Additional relief should have been passed months ago, but Speaker Pelosi held it hostage, despite the great harm to American families and businesses. Throughout this process, Pelosi has used American families and businesses for political advantage, and people across the country have paid a high price. Pelosi and her Democrat colleagues should pay the price for what they did.

Sean Ross is the editor of Yellowhammer News. You can follow him on Twitter @sean_yhn

16 mins ago

U.S. Rep. Rogers on Liz Cheney ouster: ‘We’ve got to be fighting today’s fights and tomorrow’s fights, and not the fight of yesterday’

On Wednesday, U.S. Rep. Liz Cheney (R-WY) is expected to be voted out of her position as House Republican Conference chairwoman, the third-ranking member of the House Republican caucus, and be replaced with U.S. Rep. Elise Stefanik (R-NY).

The move by Republicans has drawn very vocal reactions from the media and other Democrats, who allege that Cheney’s removal is a product of the GOP’s blind allegiance to former President Donald Trump. Cheney had been a frequent critic of the 45th president and remained so beyond his presidency.

During an interview that aired on Tuesday’s broadcast of Mobile radio FM Talk 106.5’s “The Jeff Poor Show,” U.S. Rep. Mike Rogers (R-Saks), the ranking Republican on the House Armed Service Committee, called Cheney “a close friend,” but acknowledged her comments about the January 6 incident on Capitol Hill in Washington, D.C. had a lot to do with her ouster. He argued Cheney should have had a more forward-looking focus in her leadership role.


“Everybody sees it coming,” he said. “Liz is a close friend of mine, but she has made a decision that she is going to use her position as conference chairman not to just promote the position and point out the shortcomings of the Democrat majority and the Biden administration, but rather continue to relitigate what happened on January 6. It is not the job of conference chairman. It is to be the voice of our conference in talking about why we ought to be in the majority and why this majority is wrongheaded, the administration is not doing what the country needs. She has made this conscious choice. You know, we had a vote on this back. I think it was in February. And she survived. And everybody told her then, ‘We don’t care how you vote on the impeachment or any of that. That’s all behind us. You need to be talking about the conference goals and agenda.'”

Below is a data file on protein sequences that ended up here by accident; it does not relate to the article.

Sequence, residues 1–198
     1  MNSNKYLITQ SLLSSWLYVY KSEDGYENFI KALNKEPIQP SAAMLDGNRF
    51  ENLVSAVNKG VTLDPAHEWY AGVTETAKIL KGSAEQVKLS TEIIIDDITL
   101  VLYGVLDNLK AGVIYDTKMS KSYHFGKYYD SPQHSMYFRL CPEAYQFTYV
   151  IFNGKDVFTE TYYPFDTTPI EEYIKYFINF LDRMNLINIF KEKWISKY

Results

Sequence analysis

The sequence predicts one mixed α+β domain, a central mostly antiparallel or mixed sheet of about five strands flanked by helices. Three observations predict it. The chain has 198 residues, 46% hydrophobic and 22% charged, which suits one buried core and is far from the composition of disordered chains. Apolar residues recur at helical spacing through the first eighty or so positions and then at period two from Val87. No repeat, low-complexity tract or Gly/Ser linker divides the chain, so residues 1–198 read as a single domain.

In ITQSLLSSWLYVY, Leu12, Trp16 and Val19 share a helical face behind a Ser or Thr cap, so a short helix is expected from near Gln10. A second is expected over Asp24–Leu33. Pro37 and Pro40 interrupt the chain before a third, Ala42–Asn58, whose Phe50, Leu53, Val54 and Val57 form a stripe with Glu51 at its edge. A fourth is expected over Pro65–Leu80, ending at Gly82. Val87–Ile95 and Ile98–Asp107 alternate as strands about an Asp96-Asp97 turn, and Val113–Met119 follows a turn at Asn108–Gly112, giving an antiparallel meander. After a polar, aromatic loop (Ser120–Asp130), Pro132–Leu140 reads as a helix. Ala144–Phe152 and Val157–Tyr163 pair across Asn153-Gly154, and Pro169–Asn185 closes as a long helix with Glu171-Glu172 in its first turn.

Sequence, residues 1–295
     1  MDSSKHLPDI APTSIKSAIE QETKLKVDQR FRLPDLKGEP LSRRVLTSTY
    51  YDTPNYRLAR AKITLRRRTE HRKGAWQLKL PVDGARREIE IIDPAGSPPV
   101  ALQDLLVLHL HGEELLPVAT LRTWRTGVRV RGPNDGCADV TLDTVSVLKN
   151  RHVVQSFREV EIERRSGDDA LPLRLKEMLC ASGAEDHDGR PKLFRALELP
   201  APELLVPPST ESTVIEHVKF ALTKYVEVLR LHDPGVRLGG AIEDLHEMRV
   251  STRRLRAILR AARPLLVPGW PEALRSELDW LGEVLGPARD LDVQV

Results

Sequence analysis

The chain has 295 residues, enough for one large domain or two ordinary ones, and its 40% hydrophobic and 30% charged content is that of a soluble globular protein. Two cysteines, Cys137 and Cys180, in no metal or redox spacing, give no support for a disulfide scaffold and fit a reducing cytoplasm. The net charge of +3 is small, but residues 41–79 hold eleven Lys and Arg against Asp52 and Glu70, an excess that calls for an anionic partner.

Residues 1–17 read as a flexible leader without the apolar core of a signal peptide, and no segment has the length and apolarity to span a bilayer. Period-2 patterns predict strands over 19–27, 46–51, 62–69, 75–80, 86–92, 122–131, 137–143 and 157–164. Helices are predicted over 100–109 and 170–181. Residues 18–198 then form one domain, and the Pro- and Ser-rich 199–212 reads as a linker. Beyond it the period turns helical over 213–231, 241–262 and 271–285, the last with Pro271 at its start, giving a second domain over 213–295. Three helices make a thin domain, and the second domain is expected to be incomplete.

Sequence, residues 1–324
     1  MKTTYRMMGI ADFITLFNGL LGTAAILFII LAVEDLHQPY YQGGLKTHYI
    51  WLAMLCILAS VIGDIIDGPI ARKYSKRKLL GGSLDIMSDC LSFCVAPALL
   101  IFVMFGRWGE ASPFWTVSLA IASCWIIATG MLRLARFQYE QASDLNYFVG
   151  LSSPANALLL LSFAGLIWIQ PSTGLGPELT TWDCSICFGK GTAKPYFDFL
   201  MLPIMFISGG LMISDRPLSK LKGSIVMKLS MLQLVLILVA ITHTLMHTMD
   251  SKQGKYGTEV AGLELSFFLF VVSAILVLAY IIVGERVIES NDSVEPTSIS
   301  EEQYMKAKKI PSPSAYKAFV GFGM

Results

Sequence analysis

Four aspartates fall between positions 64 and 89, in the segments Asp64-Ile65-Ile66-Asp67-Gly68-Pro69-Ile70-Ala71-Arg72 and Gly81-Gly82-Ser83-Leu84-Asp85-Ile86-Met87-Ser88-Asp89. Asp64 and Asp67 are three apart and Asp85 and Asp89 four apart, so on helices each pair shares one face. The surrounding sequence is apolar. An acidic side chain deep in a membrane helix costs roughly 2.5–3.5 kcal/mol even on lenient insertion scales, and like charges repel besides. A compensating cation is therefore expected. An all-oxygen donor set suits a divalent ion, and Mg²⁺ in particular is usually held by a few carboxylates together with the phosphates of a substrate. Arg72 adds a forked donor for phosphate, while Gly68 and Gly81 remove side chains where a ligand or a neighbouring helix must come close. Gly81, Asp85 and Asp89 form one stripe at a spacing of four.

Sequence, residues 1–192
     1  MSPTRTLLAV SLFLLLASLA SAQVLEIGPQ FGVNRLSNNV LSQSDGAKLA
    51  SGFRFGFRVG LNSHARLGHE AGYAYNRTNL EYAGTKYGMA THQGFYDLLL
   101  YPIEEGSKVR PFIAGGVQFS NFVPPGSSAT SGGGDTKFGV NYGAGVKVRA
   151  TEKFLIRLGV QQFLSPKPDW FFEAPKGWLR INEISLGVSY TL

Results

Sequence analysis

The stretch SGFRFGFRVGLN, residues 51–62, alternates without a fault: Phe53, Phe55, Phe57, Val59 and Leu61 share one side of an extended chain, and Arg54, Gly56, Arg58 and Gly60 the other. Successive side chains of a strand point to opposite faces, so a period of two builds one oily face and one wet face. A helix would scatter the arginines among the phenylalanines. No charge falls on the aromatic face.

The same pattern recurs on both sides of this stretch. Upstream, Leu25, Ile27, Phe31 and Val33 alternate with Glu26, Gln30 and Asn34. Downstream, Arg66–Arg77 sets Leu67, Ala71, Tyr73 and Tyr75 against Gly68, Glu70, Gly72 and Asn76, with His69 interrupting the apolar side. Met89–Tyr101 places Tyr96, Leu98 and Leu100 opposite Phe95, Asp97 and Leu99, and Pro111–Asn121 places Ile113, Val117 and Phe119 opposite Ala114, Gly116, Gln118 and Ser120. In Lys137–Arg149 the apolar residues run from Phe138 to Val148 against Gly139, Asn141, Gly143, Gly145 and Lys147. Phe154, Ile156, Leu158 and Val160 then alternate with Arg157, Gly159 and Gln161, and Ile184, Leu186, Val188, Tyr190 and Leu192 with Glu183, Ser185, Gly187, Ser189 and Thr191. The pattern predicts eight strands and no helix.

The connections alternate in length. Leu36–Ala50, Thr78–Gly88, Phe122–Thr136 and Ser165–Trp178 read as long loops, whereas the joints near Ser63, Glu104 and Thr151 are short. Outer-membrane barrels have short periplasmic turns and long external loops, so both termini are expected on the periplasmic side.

“That’s what that position is all about,” Rogers added. “She has chosen not to do that. I fully expect [tomorrow] she is going to be recalled, and Elise Stefanik is going to be put in that position because we’ve got to be fighting today’s fights and tomorrow’s fights, and not the fight of yesterday. She just won’t turn loose of it. Now at this point, because she’s my buddy, and I hate that she’s taking this course of action — but she’s a very smart lady, and this is a conscious decision on her part.”

@Jeff_Poor is a graduate of Auburn University and the University of South Alabama, the editor of Breitbart TV, a columnist for Mobile’s Lagniappe Weekly, and host of Mobile’s “The Jeff Poor Show” from 9 a.m.-12 p.m. on FM Talk 106.5.

14 hours ago

How the Regions Tradition led to Alabama’s star-studded vaccine PSAs

You already know the Regions Tradition’s reputation for competition. It’s the first major on the PGA TOUR Champions schedule in 2021, and it produces millions for charities.

But it’s also the place where things get done. And this year’s focus was intended to save lives.

The Bruno Event Team, which manages the Tradition, and the Alabama Department of Public Health used the annual Celebrity Pro-Am tournament as a stage to create a public awareness campaign encouraging Alabamians to get the COVID vaccine ASAP.